As of today, Nov. 1, 2023, the benchmark 30-year fixed mortgage rate is 8.23%, FHA 30-year fixed is 7.95%, jumbo 30-year fixed is 7.31%, and 15-year fixed is 7.54%. These fixed rate loan averages are not the teaser rates you may see advertised online and based on our methodology should be more representative of what customers could expect to be quoted depending on their qualifications. You can learn more about what makes our rates different in the Methodology section of this page.
Because mortgage rates and home loan terms can differ, it’s important to compare rates, closing costs, loan terms, and the customer service reputation of the lender before completing the application process for a home loan. We’ve compiled the best rates for the various types of mortgages and common questions you may have to help you understand factors that might have affected mortgage rates in general and for your specific situation, including things like changes in leading economic indicators or news or Federal Reserve interest rate policy.
Today's Mortgage Rates
|FHA 30-Year Fixed||7.95%||8.14%|
|VA 30-Year Fixed||7.81%||8.28%|
|Jumbo 30-Year Fixed||7.31%||7.32%|
|Jumbo 15-Year Fixed||7.27%||7.27%|
|Jumbo 7/6 ARM||7.08%||7.19%|
|Jumbo 5/6 ARM||7.19%||7.19%|
Trends in Mortgage Rates
Trends in mortgage rates are influenced by complex factors, such as the Federal Reserve's interest rate policy, the rate of employment, the Consumer Price Index, and the yields of 10-year treasury bonds. Mortgage rates are not directly tied to any of these factors but are indirectly influenced by their current levels and consensus predictions on how they will trend in the near future.
Beginning in March 2022 the Federal Reserve began raising the federal funds rate to counter pent-up, demand-driven inflation that followed the global pandemic. The aggressive and consistent rate increases—marking a cumulative 525 basis points over the last 18 months—has had the impact, if only indirectly, of pushing mortgage rates dramatically higher over the last two years.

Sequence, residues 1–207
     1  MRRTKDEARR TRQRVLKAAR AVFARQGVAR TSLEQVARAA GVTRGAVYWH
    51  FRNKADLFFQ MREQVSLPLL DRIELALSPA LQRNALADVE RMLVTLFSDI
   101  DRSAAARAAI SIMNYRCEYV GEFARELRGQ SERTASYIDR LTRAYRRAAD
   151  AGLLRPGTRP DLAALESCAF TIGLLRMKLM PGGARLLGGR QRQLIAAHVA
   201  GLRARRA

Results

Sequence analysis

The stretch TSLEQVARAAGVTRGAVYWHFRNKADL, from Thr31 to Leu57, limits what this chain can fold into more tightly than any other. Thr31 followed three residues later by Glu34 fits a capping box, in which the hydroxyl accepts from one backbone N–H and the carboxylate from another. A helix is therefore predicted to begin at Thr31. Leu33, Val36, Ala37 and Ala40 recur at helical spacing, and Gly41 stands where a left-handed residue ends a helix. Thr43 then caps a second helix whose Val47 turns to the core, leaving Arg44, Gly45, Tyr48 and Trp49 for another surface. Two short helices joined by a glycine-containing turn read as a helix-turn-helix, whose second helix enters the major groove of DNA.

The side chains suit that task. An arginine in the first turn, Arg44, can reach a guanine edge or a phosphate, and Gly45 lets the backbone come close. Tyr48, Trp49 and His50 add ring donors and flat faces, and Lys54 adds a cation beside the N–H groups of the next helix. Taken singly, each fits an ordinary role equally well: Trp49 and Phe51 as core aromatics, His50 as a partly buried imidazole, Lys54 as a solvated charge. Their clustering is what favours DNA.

The Federal Reserve only has two remaining meetings scheduled in 2023, concluding Nov. 1 and Dec. 13, at which they will decide whether to pause or reinstate rate increases. While it's not possible to accurately predict the Fed's pending rate decisions, Fed Chair Jerome Powell has made a point to state that another rate increase is certainly possible at either meeting depending on the current economic conditions.
Our Expert Picks for the Best Mortgage Lenders
|Best Mortgage Lenders|
|Rocket Mortgage (Quicken Loans)||Best Overall|
|CMG Financial||Best for First-Time Homebuyers|
|American Pacific Mortgage||Best for Customized Mortgages|
|loanDepot||Best for Cash-Strapped Borrowers|
|PNC Bank||Best for Jumbo Loan Borrowers|
|U.S. Bank||Best for Refinancing|
|Navy Federal Credit Union||Best for Military Borrowers|
|AimLoan||Best for Transparency|
If you're ready to pursue a mortgage, you can use our ranking of the best mortgage lenders to assess your options.
What Is a Mortgage?
A mortgage is a type of loan used to purchase or maintain a home, land, or other types of real estate. The borrower agrees to pay the lender over time, typically in a series of regular payments that are divided into principal and interest. The property then serves as collateral to secure the loan.
How Does a Mortgage Work?
Individuals and businesses use mortgages to buy real estate without paying the entire purchase price up front. The borrower repays the loan plus interest over a specified number of years until they own the property free and clear. Most traditional mortgages are fully-amortizing. This means that the regular payment amount will stay the same, but different proportions of principal vs. interest will be paid over the life of the loan with each payment. Typical mortgage terms are for 30 or 15 years.
Types of Mortgages
There numerous types of mortgages in the mortgage market, including those from private mortgage lenders as well as government backed loan programs that purchase, guarantee and securitize mortgages in the secondary mortgage market like those by the Federal Housing Administration (FHA), known as FHA loans, or the Federal National Mortgage Association (Fannie Mae).
Conventional mortgages can be fixed-rate with terms varying from 10 to 30 years or variable-rate with terms up to 10 years. Jumbo mortgage loans that exceed the Federal Housing Finance Agency's conforming loan limit of $726,200 for 2023, cannot be purchased, guaranteed, or securitized by Fannie Mae or the Federal Home Loan Mortgage Corporation (Freddie Mac). Jumbo loans offer the same fixed and variable rate terms as conventional mortage loans, though their interest rates are typically lower.
Mortgage Options for First Time Homebuyers